The Gonzaga College High School football team was having its pregame walk-through Saturday morning when the text messages started arriving.

They were about Dom, the guy who took such joy in making his friends laugh, the senior who was more than happy to take a freshman under his wing.

Dominik Pettey, 17, had been killed in an early morning car accident.

“Some people broke down immediately,” said linebacker Sean Fitzgerald, 17. “Others just didn’t believe it.”

Pettey, who played on the school’s hockey team, and four others were in a disabled vehicle parked on the side of the Capital Beltway south of Persimmon Tree Road in Montgomery County when they were struck by another vehicle. Pettey was pronounced dead at the scene.

Gonzaga's Dominik Pettey, left, and Calvert Hall's Ryan Clelland head toward the boards during the MAPHL Ice Hockey Championship at the Gardens Ice House in Laurel, Md., on Feb. 22, 2013. Pettey was killed in a two-car crash early Saturday. (Toni L. Sandys/THE WASHINGTON POST)

Maryland State Police said Margaret Christine Baisely, 24, of Rockville, was driving a 2013 Jeep Compass about 2 a.m. when she crashed into the rear of a 2009 Honda Accord stopped on the right shoulder of the highway.

Baisley, who was taken to Suburban Hospital in Bethesda, showed signs of being impaired, and an investigation of the crash is continuing, police said. Andrew Frederick May, 19, the driver of the Honda in which Pettey was riding, and three passengers were also taken to area hospitals. Police said they did not have updated information on their conditions.

Pettey’s death roiled the tight-knit, all-boys Jesuit school located a few blocks from Union Station.

“The entire Gonzaga High School community is deeply grieved by the tragic death of one of our seniors,” the Rev. Stephen W. Planning, the school president, said in a statement. “Dom was a beloved student, hockey player, and friend to all. We ask for prayers for the Pettey family as well as for the other boys injured in this terrible accident.”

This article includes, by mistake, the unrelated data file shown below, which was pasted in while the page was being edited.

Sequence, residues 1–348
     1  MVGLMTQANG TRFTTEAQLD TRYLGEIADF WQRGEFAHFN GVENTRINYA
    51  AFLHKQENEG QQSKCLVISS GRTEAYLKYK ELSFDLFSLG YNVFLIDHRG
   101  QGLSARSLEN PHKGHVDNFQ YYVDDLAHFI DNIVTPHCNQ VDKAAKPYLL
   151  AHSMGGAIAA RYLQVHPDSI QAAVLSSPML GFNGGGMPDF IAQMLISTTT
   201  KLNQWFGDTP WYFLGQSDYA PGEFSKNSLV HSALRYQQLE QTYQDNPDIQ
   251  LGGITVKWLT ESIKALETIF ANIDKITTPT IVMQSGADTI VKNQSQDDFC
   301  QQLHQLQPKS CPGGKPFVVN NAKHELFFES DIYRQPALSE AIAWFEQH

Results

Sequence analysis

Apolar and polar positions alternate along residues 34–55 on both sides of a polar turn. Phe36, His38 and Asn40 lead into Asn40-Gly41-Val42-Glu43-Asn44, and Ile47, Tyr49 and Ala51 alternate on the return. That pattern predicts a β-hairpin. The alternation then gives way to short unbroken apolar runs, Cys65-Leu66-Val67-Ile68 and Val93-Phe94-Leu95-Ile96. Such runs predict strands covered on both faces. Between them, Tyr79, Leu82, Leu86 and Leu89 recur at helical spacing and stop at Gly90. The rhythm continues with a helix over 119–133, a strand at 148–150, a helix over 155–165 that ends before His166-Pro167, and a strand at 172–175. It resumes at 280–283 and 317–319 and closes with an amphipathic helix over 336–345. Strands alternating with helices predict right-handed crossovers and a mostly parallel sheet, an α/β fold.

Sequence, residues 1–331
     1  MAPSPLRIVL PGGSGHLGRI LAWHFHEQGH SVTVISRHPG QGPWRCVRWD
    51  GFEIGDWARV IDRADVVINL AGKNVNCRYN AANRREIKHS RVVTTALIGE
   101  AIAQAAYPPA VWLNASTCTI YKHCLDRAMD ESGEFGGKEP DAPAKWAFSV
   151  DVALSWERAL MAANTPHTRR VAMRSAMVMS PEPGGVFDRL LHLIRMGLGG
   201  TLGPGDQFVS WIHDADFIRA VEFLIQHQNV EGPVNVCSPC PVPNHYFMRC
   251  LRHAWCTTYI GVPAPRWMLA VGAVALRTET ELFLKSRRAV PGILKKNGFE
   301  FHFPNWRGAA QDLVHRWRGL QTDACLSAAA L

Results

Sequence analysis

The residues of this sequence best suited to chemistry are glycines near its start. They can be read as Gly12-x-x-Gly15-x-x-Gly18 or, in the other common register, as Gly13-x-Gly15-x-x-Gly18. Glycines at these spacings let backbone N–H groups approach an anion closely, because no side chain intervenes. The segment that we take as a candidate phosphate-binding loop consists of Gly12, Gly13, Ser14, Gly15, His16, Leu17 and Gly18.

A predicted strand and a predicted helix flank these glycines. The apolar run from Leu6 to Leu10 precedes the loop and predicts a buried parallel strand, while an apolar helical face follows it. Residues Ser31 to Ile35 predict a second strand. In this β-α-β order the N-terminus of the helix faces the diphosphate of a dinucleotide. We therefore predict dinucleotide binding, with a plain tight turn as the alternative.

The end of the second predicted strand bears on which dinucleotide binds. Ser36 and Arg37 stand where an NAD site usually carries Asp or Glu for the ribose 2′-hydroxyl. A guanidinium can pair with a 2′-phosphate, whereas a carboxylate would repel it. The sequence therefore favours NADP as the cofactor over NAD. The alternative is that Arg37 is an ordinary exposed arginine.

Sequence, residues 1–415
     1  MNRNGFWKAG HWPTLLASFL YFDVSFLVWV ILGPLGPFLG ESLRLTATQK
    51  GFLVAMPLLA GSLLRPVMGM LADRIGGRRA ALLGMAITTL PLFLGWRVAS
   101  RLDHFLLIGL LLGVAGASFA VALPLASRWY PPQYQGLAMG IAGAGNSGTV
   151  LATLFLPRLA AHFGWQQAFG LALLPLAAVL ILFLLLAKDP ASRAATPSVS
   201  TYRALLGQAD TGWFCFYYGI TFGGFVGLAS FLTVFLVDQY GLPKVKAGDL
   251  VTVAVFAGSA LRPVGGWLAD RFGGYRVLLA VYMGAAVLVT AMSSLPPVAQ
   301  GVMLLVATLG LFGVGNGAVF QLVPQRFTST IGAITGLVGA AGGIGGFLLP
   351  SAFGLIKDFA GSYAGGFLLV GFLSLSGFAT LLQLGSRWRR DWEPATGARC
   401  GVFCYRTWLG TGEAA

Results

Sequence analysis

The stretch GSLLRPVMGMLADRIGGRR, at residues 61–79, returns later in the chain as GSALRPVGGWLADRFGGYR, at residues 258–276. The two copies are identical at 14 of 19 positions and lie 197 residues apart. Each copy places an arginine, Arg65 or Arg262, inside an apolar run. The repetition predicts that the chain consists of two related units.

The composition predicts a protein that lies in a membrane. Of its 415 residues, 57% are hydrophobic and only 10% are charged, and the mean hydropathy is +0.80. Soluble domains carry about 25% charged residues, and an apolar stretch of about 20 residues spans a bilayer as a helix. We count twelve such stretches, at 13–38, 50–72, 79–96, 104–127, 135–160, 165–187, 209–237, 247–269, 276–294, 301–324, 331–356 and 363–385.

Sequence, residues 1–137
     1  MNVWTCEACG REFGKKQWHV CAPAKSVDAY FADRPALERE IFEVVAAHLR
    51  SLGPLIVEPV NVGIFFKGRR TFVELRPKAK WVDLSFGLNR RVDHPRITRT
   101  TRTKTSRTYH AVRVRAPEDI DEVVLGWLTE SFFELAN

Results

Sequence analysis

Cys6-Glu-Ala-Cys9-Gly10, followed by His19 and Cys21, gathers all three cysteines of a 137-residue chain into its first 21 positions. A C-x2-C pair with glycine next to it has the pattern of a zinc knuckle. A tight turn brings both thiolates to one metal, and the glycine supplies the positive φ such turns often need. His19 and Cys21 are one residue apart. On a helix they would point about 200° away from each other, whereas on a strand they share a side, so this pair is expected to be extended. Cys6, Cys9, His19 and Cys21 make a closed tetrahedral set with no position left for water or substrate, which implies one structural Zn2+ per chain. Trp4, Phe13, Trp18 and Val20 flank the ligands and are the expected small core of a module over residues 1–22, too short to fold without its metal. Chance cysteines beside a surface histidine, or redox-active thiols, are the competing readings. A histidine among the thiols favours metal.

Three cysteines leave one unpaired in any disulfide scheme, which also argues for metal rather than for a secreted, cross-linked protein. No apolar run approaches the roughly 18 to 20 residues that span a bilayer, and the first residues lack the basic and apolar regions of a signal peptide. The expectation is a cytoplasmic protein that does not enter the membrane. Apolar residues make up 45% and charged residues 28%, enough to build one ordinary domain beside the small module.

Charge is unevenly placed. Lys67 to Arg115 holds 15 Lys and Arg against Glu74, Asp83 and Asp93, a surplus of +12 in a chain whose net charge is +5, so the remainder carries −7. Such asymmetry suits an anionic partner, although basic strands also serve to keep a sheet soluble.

Friends, teammates and classmates took to social media sites to remember Pettey as a talented hockey player and kindhearted friend with an infectious smile.

Nate Jackson, who coached Pettey for three years, remembered him scoring the first goal of a championship game, setting the pace for his team’s victory. Pettey, who played forward for Gonzaga, also scored the game-winning goal in a league championship game, his former coach said.

“He was an important piece of our success over the last three years,” Jackson said. During his time on the team, Gonzaga won the league championship and last year went undefeated, Jackson said. Off the ice, Jackson said Pettey was a “humorous, bright, funny kid . . . who was hardworking and had a good attitude. It would be hard to find someone who didn’t like him.”

When he was sidelined while recuperating from appendix surgery during the Christmas holiday, Pettey would come watch his teammates.

“He was cheering everybody on,” Jackson said. “He was frail, but he was there. He was definitely part of the family.”

Andrew Skibbie, 14, a freshman at Gonzaga, said he will remember Pettey as an upperclassman who took him under his wing. Pettey drove him to school every day, and the two constantly listened to songs such as “Love Shack” and “Stairway to Heaven,” and artists such as the Beastie Boys and the Rolling Stones during the ride. “He was a great kid,” Skibbie said. “Even though I was younger than him, he treated me like a friend.”

Many students pointed out how Pettey found joy in making other people laugh. “Dom was always a great friend and was a funny guy,” Mark Anstead, 19, a Gonzaga graduate, said in an e-mail. “No matter the situation he was always cracking jokes and loved making people laugh.” Michael Lackey, 17, who grew up playing hockey with Pettey, said his friend was “always optimistic, always smiling.”

“I never saw him upset,” said Lackey, who moved to Michigan to play for the U.S. Under-17 team but stayed in touch with Pettey. “If you were having a bad day, you’d hang out with him and he’d make you feel 100 percent better.

“I’m not just saying this; he was the nicest kid I’ve ever met in my entire life.”

One student organized a prayer service at St. Aloysius Church, which is next to the school, Fitzgerald said. About 100 people attended, he said. The team then had a choice to make: Should they play their scheduled game against Bishop McNamara High School on Saturday afternoon?

“Dom was one of the biggest supporters of our football team,” Fitzgerald said. ”The players decided that he would have wanted us to play. . . . We had to win for him.”

And they did.